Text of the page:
I said this about Nabu at the end of the last post: “Rather, [Rainbow] created him because of a dilemma in Winx season three.”
Imagine Secret of the Lost Kingdom was the finale of Winx Club, since it wrapped up the main plot with Bloom finding her birth parents and saving Domino. This means season three was the last season. We all know Rainbow planned to stop there.
Aisha debuted in Winx season two, but Rainbow didn’t give her a love interest. (Would have been the best time to introduce Nex, but oh well.) You know the rules: a Winx can’t be single for more than one season.
But Winx Club only had one season left. That complicated things. For starters, it meant we’d never see Aisha and her boyfriend as a couple for a full season.
Let me repeat that: we’d never see Aisha and her boyfriend as a couple for a full season. That’s the dilemma. In this retcon of Winx Club history, Aisha and Nabu are the only couple who never dated onscreen.
That meant their love story had to accomplish two things:
Introduce a love interest we’d care about, even though we’d barely get to see him as her boyfriend
Convince us their relationship might work out, even though Rainbow would never develop it
How did the writers solve this dilemma? They threw Aisha into an arranged marriage to a genderbent version of herself.
Disagree? Then tell me — if you literally turned Aisha into a guy, would “he” be that different from Nabu? No. “He” would:
Still be from Andros
Still be rich — and since Nabu was a prince in the Winx comics, “he” would still be royalty
Have a nearly identical backstory
Still like the same things (water sports, “The New Waves” band, etc.)
“He” would also still have magic powers, but since fairies are female in Winx Club, “he” would have to be a different type of magic being. What’s the closest thing to a male fairy in this series? A wizard.
Rainbow didn’t hide what they were doing. Aisha and Nabu frequently remarked on how similar they were, and after he told his backstory to the Winx, Bloom said, “Just like Aisha.” Bloom did the same thing in season four with Roxy. Twice, she told her, “You’re so much like me!” She also thought it a few times. Lampshading much?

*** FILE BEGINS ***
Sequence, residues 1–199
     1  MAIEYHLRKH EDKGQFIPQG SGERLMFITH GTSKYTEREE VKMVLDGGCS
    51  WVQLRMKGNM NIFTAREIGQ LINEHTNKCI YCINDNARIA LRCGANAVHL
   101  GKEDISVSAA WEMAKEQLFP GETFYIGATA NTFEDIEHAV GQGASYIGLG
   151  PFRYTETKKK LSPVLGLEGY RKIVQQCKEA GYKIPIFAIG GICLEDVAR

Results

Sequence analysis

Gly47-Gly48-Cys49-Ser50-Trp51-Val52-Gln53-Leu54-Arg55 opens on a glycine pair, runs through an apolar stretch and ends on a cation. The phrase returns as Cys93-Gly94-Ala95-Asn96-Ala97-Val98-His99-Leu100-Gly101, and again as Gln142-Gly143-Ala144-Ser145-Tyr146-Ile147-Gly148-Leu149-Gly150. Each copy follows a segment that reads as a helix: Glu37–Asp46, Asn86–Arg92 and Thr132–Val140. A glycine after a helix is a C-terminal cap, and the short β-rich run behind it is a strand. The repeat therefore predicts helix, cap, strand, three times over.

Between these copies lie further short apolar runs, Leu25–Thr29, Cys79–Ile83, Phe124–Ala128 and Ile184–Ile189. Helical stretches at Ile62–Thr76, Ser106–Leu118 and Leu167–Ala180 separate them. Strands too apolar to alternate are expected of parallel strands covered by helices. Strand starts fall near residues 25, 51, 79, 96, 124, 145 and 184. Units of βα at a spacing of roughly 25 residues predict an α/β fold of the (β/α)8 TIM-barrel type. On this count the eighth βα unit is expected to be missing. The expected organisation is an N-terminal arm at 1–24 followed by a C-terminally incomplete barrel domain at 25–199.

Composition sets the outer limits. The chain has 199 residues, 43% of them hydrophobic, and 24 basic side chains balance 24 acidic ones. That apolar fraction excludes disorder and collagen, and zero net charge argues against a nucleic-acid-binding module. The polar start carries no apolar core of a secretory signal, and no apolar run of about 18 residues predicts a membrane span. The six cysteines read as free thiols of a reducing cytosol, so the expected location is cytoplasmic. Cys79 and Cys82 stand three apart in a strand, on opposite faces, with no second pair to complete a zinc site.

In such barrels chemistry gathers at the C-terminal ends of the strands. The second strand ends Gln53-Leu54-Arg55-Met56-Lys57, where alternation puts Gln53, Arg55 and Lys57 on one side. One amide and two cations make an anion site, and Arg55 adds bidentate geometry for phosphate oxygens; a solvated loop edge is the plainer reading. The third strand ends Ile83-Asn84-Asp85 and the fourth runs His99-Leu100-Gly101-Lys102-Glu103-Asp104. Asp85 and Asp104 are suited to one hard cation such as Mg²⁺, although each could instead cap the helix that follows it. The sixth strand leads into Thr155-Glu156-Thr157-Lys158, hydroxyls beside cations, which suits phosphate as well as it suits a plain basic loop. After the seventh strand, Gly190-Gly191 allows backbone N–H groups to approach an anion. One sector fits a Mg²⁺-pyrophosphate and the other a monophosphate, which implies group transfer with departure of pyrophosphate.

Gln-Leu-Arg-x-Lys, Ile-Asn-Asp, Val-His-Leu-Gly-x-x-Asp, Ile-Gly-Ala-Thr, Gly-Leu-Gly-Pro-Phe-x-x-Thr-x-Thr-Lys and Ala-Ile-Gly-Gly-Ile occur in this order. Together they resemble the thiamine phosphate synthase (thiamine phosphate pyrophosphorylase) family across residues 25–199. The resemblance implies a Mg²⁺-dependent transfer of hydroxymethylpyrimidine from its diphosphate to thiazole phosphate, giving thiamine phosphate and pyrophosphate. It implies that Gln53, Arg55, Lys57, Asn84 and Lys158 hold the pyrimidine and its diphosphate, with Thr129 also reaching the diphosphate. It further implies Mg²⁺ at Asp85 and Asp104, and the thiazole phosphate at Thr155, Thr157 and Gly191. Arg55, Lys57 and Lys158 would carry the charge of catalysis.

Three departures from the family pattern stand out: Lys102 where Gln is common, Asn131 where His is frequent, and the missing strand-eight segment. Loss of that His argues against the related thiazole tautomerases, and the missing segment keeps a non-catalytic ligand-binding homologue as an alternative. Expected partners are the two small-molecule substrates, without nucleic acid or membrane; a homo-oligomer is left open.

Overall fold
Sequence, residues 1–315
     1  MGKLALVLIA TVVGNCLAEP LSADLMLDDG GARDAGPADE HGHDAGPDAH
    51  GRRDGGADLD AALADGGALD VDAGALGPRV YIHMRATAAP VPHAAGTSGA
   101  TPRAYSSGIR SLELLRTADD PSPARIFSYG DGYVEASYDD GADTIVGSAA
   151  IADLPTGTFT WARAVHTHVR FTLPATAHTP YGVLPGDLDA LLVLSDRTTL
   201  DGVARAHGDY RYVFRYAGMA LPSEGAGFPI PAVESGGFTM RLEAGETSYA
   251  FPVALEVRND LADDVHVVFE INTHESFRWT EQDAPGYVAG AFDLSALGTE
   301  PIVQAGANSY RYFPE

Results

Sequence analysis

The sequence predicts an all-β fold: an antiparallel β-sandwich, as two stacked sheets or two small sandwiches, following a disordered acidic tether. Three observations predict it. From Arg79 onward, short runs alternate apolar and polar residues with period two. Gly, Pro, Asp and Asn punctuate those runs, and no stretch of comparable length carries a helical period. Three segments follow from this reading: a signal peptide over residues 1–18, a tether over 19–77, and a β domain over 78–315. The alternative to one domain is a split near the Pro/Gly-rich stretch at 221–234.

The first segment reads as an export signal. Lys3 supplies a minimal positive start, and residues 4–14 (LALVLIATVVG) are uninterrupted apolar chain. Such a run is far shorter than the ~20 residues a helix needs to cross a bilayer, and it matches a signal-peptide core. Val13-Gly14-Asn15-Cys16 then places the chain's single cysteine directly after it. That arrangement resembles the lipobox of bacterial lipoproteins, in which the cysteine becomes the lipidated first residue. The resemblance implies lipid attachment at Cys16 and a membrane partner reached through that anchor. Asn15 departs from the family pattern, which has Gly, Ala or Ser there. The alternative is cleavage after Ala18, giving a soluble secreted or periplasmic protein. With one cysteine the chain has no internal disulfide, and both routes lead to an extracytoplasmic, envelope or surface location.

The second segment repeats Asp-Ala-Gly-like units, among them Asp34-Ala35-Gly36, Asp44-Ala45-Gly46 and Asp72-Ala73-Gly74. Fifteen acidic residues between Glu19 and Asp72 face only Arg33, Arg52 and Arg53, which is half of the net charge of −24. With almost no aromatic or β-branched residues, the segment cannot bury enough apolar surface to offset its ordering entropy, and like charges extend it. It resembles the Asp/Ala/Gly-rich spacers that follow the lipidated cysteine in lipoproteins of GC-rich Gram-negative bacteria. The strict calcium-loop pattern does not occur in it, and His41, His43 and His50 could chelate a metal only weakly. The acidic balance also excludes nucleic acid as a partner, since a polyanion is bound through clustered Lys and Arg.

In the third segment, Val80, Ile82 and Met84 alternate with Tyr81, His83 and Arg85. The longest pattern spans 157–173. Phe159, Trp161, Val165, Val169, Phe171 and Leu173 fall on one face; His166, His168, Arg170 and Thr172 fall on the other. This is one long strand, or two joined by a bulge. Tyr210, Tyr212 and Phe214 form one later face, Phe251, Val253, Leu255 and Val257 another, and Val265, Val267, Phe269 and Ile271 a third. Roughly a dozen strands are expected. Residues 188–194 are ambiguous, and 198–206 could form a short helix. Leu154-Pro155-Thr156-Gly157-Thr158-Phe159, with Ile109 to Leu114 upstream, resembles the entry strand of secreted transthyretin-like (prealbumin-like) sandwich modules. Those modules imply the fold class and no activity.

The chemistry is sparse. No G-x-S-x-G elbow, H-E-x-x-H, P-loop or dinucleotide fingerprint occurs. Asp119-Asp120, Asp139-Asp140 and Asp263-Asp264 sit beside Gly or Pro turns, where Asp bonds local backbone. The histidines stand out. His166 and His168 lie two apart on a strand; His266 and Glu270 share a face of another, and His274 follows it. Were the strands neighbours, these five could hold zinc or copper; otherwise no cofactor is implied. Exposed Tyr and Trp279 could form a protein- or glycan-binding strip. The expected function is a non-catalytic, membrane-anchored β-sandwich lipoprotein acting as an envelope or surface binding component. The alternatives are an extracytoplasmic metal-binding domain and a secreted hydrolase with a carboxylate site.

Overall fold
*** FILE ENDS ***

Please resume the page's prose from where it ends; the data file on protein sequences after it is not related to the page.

On my other blog, I wrote a post about why Nabu was a Soul Mate Sue (a.k.a. Relationship Sue). The term came from an article about Mary Sues on a fanfiction site called Tokio Hotel Fiction. One tip to avoid writing a Soul Mate Sue relationship was to not give the love interest everything in common with their partner.
“But Nabu didn’t have everything in common with her,” you say. “He had a different personality. He was calmer, wiser, more polite…”
That’s because his backstory only mattered for his role as Aisha’s love interest. It didn’t shape his own character — his personality, his opinions of the world, etc. — and it didn’t influence his interactions with other characters. This is common with Mary Sues. They often have tragic or difficult pasts that never hold them back in life, physically or emotionally. After all, they must be perfect no matter what.
In Nabu’s case, since he had the same backstory, we extended the empathy we felt for Aisha towards him. And since we think having everything in common equals perfect compatibility, we assumed their relationship could last. Plus, this was an arranged marriage, so we expected them to get married someday.
Disney Princess Plots
So why doesn’t the Winx fandom see Nabu as a Soul Mate Sue or a copy of Aisha? Why did we fall for Rainbow’s laziness?
Because we’re used to these types of love stories. Tokio Hotel Fiction called them “Disney princess plots”, and they are. Most Disney princess movies are like this:
The princess meets her prince.
They fall madly in love in a couple days — or a couple hours. It’s usually first love for both of them (just like Aisha and Nabu), and Disney wants us to believe it’s “true love”, not infatuation or anything else.
They survive an adventure together.
They get married and live “happily ever after”.
This works for a quick love story with no development, but not for a more natural relationship that gradually blossoms and deepens. Unfortunately, Rainbow didn’t have time to give Aisha that type of relationship, so they had to cut corners.
I’ve already talked about one drawback of Aisha and Nabu’s love story. She had an abnormal and restrictive childhood, and she left Andros to escape it. What she needed wasn’t someone exactly like her, but someone different to balance her life out with some normalcy.
But that’s not the biggest problem. Aisha didn’t have a character goal, right? Nabu made things worse. He nullified what little plot she had to build on.